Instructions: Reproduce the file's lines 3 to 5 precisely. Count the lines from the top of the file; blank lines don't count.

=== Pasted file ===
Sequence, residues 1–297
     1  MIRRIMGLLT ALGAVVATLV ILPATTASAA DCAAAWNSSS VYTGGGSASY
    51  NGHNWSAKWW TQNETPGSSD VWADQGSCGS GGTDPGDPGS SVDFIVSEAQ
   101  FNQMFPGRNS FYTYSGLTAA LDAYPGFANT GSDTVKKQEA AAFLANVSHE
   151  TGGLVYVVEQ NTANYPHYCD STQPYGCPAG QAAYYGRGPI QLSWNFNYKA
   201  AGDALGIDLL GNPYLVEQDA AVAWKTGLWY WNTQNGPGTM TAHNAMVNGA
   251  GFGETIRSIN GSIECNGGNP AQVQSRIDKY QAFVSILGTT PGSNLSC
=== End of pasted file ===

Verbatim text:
    51  NGHNWSAKWW TQNETPGSSD VWADQGSCGS GGTDPGDPGS SVDFIVSEAQ
   101  FNQMFPGRNS FYTYSGLTAA LDAYPGFANT GSDTVKKQEA AAFLANVSHE
   151  TGGLVYVVEQ NTANYPHYCD STQPYGCPAG QAAYYGRGPI QLSWNFNYKA